These days when I think about the state of affairs in Ghana, I metamorphose into a nervous wreck. I feel that all well-meaning Ghanaians should be nervous wrecks. But are they?
In many ways I feel Pierre Teilhad de Chardin, and that isn't a good feeling. To feel Pierre Teilhad de Chardin is tantamount to identifying with that Jesuit Theologian observation that …” a great many internal and external portents (political and social upheaval, moral and religious unease) have caused us all to feel more or less confusedly, that something tremendous is at present taking place in the world. But what is it?” And that is exactly how I feel about Ghana. I feel confusedly that something is taking place in our country. But what is it?
The Ghanaian political landscape is filled with a great deal of tension. Not that this is new to the body polity – as long as I've lived, political tensions have always been our zeitgeist. The country has a colorful history of political tensions, most of which had played no small role in shaping the course of our destiny. However, the current air of political tension in the country should be treated with a great deal of attention, because it has the potential to decide for us the type of country we want for ourselves: that is, whether we'll continue with our ongoing democratic experiments or go back to the old days of political monopoly.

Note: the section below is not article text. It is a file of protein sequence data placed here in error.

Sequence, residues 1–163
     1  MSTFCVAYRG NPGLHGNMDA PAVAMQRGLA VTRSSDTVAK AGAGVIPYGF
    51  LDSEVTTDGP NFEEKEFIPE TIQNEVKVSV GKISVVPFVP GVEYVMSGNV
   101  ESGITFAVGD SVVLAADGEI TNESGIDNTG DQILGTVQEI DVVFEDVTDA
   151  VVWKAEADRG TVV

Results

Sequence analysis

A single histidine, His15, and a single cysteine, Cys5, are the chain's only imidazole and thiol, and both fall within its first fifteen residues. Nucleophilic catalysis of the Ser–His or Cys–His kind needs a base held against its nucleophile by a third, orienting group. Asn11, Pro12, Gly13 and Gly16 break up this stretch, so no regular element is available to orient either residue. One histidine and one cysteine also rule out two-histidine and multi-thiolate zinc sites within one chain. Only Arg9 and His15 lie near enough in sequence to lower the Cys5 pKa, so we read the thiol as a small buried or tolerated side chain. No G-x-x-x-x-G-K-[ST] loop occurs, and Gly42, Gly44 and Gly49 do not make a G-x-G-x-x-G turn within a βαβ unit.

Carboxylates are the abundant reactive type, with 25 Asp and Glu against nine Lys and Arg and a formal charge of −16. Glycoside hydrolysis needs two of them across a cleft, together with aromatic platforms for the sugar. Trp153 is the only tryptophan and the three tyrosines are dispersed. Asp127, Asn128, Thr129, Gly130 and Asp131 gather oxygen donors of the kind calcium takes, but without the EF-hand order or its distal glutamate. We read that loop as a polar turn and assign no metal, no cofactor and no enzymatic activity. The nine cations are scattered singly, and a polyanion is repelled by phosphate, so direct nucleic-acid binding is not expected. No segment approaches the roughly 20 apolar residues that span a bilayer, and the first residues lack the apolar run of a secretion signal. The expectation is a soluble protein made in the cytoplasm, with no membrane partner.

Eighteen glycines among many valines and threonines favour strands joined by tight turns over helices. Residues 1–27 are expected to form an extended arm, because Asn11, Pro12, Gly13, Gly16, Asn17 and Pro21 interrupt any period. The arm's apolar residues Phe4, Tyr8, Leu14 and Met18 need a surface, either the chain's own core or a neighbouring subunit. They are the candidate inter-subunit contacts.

I don't want to be an alarmist. I don't want to be a Prophet of Doom. All I know is that the more I think about the political tensions in Ghana, the more I become a nervous wreck.
A significant portion of the political tensions in the country can be attributed to the strained (to put it mildly) relations between our two living presidents. Particularly in a developing country, any time the relationship between a sitting president and his/her predecessor is defined by one of the lowest forms of Schopenhauer human instincts- hatred - you know you have a big problem.
One side of the problem is that we have a sitting president who behaves as if he's an ex-president.
The other side of problem is that we have an ex-president who behaves as if (and probably thinks that) he's still the president of the country. In effect, we seemingly have two competing presidencies, one characterized by passive aggression and the other aggressive passivity.
You have to admire President Kuffour for the consistency of his presidential temperament. No wonder his moniker “Gentle Giant”. But propriety can be a liability, especially if it isn't backed by firmness.
In many ways the President is a Prufrock, and the corridors of our government are crowded with Prufrocks. Prufrock is the character from T.S. Eliot's The Love Song of J. Alfred Prufrock. Prufrock agonizes over his social actions, worrying over how others will see him. Prufrock goes to a social engagement, thinks about women's arm and perfume but he cannot muster the strength to act, and he admits that he is afraid. Prufrock is modern-day Hamlet, the paragon of paralysis. Not only is the President a Prufrock, but also he may be suffering from leadership protanopia. So there you have it – a presidency enfeebled by protanopic Prufrockian paralysis.